China supplies components for a lot of equipment used in the U.S. recycling industry, meaning tariffs on Chinese imports would be felt across many recycling sectors, according to an industry association.
The Institute of Scrap Recycling Industries (ISRI) submitted testimony to the U.S. Trade Representative this month, asking that the Trump Administration consider modifying its proposal to levy tariffs on certain Chinese imports.
The tariffs were floated in response to a investigation by the U.S. Trade Representative, which presented the claim that China unfairly facilitates the transfer of technology and intellectual property from U.S. to Chinese companies, among other complaints.
As of Monday, the future of the proposed tariffs was unclear. Officials from the U.S. and China released a joint statement May 19 expressing consensus on making changes to the trade relationship between the two countries. The statement didn’t mention the tariffs, but Treasury Secretary Steven Mnuchin told Fox News on Sunday that the tariffs were on hold. Still, just days earlier, experts anticipated the tariffs would be implemented as proposed, and Trump advisor Larry Kudlow told CNBC on Monday said tariffs were still on the table as a tool for negotiating or enforcing agreements between the two countries.
In comments to the trade office, Adina Renee Adler, ISRI’s senior director of government relations and international affairs, described the substantial role equipment plays in the recycling industry. Machinery is used to sort, clean, grind, crush and shred material into commodities, she explained. Because of the high throughput in many recycling operations, equipment components must be replaced frequently.
“For most companies, especially small and medium enterprises, such equipment turnover makes up a large percentage of their operating costs,” Adler wrote. “The vast majority of these parts – up to 85 percent for crushing and grinding parts, for example – are supplied from China.”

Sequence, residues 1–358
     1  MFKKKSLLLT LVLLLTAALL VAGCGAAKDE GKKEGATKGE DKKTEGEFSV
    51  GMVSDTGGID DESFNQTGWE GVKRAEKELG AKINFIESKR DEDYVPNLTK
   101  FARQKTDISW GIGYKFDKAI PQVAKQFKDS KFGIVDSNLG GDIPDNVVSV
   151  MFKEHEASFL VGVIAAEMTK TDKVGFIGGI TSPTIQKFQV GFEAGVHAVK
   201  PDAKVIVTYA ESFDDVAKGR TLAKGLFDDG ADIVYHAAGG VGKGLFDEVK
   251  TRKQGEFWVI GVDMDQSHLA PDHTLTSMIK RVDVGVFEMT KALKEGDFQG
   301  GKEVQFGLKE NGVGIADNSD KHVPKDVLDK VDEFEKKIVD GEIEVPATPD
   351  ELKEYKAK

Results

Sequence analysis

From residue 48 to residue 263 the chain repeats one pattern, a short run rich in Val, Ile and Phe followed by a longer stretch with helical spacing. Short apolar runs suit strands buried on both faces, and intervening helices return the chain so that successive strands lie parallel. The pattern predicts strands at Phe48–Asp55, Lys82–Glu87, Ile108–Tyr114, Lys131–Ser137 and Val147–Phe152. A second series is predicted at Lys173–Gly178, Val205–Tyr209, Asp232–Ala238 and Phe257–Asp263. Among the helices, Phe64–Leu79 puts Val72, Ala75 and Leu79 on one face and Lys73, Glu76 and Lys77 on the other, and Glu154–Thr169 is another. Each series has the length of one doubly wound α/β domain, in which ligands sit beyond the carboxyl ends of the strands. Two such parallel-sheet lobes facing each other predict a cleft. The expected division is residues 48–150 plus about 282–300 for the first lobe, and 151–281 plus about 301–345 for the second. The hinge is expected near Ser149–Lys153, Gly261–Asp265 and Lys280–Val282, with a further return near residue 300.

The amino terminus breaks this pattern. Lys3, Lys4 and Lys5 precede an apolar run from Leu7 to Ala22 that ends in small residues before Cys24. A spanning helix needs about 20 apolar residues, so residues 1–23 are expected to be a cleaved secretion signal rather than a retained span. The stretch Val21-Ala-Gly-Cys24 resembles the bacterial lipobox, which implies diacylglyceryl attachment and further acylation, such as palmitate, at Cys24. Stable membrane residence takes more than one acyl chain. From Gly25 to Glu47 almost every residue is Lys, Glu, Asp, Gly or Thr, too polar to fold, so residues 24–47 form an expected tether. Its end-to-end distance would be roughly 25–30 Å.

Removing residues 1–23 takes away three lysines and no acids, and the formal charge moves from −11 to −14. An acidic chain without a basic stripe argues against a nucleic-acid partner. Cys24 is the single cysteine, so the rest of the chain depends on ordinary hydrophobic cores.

Under the current proposal, roughly $50 billion worth of annual imports from China would be hit with a 25 percent tariff. Among those imports are various appliances with self-contained motors, trash compactor components and other parts used in general machinery.
“Adding a 25 percent import tariff on these parts would irreparably harm the competitiveness of the U.S. recycling industry and risk recycling and manufacturing jobs due to lower output and thus, fewer inputs to metal production and fewer exports of recyclable materials,” Adler wrote.
Equipment that uses magnets, including machinery for separating ferrous and non-ferrous metals, would be particularly hard hit, Adler wrote.
“Unfortunately, as magnets are made from rare earth elements, the vast majority of which is mined in China, the recycling industry is dependent on Chinese sources for the majority of the magnets required in recycling operations,” she wrote.
ISRI asked that 10 tariff codes most relevant to the recycling industry be removed from the proposal. The comments were submitted May 11, which was the final day for witten comments. The trade office held multiple hearings on the tariff list last week, and it is allowing follow-up comments through Tuesday.
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